By Lydia Denney / ldenney@chronline.com

Starting at a young age, Lee Barkie had an interest in fishing and a wonderment at what existed below the water’s surface. Born and raised fishing the Cowlitz, Barkie has spent the past 30 years learning new tricks, trying new things and running a fishing guide business. However, after a back injury and the decreasing return in fish, Barkie hasn’t been able to guide for the past two years.

“You can only take people so long and not catch any fish and they stop going with you,” Barkie said. “I refuse to take people when I know it’s slow.”

In the past, Barkie worked in construction on and off, but he became involved in sport fishing around 1987 when he was working at tackle shop where customers would often ask for fishing guide references. Soon after Barkie became friends with other fishing guides, he began guiding full time. Today, however, many guides say you can’t make it as a full time guide anymore because there is such a lack of fish, it doesn’t pay to go, Barkie said.

Lee Barkie fishing with his grandson on the Cowlitz River in 2015.

“As a full time guide, we started having issues with the fish management plan on the Cowlitz River,” Barkie said. “The Cowlitz River is the bread and butter for this community.”

Over the past 30 years, Barkie spent time representing sport fisheries at a state level, going to meetings all over Washington and Oregon because he wanted to enhance sport fishing for the economy and for children, Barkie said. Now, Barkie said he worries about running out of fish in his lifetime.

“I want to do it for the kids,” Barkie said. “I know how much I enjoyed it growing up… they all want to go fishing but they don’t want to go on a boat ride. It’s no fun to go if you don’t catch anything.”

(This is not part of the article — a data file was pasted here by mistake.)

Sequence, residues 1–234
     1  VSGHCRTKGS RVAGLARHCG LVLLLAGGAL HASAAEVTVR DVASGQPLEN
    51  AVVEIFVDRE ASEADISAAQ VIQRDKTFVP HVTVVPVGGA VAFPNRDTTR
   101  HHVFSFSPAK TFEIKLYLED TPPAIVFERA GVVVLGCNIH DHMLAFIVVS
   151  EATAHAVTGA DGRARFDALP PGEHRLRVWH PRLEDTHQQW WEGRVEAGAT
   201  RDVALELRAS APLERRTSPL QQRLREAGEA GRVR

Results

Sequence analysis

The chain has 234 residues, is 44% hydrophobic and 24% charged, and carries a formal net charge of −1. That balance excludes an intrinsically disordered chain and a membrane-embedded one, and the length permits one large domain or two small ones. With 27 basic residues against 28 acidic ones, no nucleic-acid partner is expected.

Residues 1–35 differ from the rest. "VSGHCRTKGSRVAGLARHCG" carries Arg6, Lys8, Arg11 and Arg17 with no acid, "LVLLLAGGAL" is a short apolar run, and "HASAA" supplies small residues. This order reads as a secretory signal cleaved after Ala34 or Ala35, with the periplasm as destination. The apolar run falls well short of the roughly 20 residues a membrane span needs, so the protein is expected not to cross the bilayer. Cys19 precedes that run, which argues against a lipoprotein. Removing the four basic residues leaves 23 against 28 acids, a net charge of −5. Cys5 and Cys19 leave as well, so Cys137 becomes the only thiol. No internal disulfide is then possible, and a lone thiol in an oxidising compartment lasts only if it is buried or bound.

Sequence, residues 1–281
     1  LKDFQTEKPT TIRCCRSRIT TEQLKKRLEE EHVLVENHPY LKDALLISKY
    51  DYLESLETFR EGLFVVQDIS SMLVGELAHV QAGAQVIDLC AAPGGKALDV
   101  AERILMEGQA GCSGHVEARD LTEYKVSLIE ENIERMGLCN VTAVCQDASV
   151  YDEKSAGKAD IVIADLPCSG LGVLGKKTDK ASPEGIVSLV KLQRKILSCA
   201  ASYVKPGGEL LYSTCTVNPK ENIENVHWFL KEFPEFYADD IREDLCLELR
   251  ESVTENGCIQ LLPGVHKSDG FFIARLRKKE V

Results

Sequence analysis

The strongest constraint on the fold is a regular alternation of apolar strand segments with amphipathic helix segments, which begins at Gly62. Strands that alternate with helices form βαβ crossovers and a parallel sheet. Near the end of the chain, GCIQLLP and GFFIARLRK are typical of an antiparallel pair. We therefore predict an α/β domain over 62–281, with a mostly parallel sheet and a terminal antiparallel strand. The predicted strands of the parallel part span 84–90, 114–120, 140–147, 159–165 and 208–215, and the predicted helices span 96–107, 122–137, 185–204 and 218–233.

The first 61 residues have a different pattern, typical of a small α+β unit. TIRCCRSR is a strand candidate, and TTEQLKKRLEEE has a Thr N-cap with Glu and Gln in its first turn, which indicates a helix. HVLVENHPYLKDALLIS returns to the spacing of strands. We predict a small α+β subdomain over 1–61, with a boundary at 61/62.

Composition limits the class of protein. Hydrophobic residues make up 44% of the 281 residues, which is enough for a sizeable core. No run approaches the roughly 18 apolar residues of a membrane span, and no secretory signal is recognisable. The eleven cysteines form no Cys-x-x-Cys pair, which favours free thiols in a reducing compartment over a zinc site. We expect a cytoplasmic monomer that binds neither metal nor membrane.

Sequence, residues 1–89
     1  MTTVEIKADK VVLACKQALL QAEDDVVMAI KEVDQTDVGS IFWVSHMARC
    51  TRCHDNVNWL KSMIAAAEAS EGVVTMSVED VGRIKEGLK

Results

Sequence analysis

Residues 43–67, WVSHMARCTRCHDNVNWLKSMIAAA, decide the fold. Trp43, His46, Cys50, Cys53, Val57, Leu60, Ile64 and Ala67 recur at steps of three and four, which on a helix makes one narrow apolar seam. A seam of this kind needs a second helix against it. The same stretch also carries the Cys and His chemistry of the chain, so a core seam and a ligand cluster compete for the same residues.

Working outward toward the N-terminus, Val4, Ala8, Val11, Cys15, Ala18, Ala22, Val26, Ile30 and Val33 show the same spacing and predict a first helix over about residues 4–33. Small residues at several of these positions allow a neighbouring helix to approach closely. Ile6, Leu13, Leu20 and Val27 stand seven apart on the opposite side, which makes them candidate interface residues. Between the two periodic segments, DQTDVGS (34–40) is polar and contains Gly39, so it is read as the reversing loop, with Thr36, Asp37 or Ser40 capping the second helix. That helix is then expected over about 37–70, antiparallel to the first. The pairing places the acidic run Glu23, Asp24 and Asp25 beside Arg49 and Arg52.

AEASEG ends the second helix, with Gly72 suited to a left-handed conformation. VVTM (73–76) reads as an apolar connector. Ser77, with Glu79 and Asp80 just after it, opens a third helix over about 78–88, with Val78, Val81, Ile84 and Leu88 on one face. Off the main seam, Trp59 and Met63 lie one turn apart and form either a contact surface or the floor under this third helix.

Because of low fish returns over the last decade, he has seen a lot of businesses affected including his own, Barkie said. Even though he is no longer guiding, motels, restaurants and other guides continue to call Barkie to ask why business has decreased.

“You build your business up, you build your name up, you try to do everything right,” Barkie said. “But, like farming, you can be a great farmer, but all it takes is a rainstorm.”

Lee Barkie, left, and Tim Himelbigger fishing on the Cowlitz River in 2015.

In 2000, Barkie began fishing on the Columbia River where there were more fish and said he is known as the first guide to work that river. Barkie said he spent time learning how to catch fish there before everyone else started fishing on the Columbia around 2008.

“For me to keep catching fish and keep guiding, I would have to move to the Columbia River and learn how to catch those fish,” Barkie said. “I worked very hard at it, at my own expense. I didn’t ask for help from anybody.”

Not only is the lack of fish affecting businesses, but it is also now affecting the ocean and Orca whales, Barkie said. One reason he thinks the fish return has continued to decrease is that hatcheries aren’t compensating for the fish that die or are eaten after they leave the hatchery. Barkie wishes that the money from fishing licenses would be used for the hatcheries to follow the laws in place and for the hatcheries to focus on predation issues.

In 2016, a new fish management plan was supposed to be completed and released, but Barkie argued Tacoma Power and the Washington Department of Fish and Wildlife are still mismanaging the hatcheries.

“You’ve got two big companies raising these fish, and when it doesn’t go as it’s supposed to, you get the general public and other people that start pointing fingers at each company,” Barkie said.

Lee Barkie fishing on the Columbia River.